Schneider v. Luxembourg  | 2007

Woman forced to allow hunting on her land against her beliefs

To force a small landowner to allow hunting on her land so that third parties can use it in a way totally contrary to her convictions is a disproportionate burden, which is not justified...

Judgment of the European Court of Human Rights, 10th July 2007

Background

Catherine Schneider was ethically opposed to hunting. She owned some land on which hunting took place. She wanted this to stop. However, under a law from 1925 she was obliged to be a member of a hunting syndicate and to allow hunting on her land.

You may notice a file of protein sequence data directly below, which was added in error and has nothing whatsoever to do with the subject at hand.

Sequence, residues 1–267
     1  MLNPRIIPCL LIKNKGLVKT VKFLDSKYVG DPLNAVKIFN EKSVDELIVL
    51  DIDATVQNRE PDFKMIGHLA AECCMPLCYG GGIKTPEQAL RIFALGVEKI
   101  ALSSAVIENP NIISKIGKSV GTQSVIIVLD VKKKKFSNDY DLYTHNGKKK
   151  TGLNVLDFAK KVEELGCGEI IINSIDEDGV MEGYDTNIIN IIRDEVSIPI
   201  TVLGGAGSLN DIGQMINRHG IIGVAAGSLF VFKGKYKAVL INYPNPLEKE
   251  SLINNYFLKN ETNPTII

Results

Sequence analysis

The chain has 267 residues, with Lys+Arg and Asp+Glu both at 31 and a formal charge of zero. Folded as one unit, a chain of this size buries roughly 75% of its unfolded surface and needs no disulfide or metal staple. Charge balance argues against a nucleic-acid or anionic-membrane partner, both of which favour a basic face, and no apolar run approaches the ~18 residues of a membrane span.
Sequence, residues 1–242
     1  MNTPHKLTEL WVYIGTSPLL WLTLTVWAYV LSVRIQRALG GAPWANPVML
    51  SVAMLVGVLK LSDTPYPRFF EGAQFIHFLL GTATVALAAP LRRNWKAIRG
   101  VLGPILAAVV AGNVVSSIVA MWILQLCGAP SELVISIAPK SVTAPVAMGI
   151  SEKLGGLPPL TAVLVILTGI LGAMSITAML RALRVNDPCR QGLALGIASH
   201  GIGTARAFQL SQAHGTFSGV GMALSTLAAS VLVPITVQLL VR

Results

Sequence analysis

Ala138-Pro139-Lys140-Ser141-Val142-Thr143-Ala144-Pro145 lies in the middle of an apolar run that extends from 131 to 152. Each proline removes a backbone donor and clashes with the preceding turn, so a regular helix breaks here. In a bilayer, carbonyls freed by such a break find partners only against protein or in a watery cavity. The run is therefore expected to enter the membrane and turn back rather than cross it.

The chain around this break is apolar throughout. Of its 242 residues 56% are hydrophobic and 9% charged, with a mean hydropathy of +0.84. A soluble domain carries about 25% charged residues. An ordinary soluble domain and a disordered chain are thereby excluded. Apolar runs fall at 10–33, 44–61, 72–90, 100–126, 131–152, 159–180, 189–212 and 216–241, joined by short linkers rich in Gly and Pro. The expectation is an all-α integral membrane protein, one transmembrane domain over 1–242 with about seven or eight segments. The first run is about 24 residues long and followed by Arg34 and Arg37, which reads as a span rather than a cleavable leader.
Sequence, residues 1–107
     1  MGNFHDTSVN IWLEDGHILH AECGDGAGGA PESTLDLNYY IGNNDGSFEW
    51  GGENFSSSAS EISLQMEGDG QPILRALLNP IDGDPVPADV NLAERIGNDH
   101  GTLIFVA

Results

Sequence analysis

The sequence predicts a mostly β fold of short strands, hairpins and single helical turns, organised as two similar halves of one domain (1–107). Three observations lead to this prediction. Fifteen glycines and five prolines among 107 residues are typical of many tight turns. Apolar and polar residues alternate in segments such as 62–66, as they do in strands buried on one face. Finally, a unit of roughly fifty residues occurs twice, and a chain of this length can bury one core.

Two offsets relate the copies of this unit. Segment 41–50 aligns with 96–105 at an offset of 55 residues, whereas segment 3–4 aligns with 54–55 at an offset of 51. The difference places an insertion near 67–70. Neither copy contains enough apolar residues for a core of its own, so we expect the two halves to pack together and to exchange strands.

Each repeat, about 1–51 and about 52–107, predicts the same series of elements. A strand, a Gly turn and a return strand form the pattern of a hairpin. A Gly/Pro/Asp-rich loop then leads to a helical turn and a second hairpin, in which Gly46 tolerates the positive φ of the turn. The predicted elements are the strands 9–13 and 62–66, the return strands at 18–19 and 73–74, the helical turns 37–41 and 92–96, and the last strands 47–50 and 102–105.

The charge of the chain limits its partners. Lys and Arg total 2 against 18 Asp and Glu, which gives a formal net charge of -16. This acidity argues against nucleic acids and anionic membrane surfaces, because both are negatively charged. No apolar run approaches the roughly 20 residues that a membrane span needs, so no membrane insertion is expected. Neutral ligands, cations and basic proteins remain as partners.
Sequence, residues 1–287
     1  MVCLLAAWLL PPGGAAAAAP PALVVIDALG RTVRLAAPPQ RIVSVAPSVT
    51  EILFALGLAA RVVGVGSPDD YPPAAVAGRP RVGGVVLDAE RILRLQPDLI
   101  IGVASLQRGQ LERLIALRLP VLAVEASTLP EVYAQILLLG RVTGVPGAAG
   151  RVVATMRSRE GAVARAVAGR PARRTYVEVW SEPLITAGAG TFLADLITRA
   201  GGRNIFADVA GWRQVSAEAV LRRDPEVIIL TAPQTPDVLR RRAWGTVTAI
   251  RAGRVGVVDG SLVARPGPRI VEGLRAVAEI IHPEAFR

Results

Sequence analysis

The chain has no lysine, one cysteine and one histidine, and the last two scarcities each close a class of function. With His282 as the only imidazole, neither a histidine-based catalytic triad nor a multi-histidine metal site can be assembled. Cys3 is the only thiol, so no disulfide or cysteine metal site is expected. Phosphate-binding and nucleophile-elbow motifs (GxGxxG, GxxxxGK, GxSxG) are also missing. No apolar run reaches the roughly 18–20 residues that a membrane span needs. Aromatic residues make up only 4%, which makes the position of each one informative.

Judgment of the European Court of Human Rights

The court recognised that Mrs Schneider had strong feelings against hunting. Forcing her to be part of a hunting syndicate therefore violated her right to freedom of association.  Similarly, forcing her to allow hunting on her land breached her right to use her property as she wished.

Follow-up

A new Law on Hunting was adopted in 2011. This allows land owners who are ethically opposed to hunting to withdraw from hunting associations – meaning that they are also no longer obliged to allow hunting on their land.

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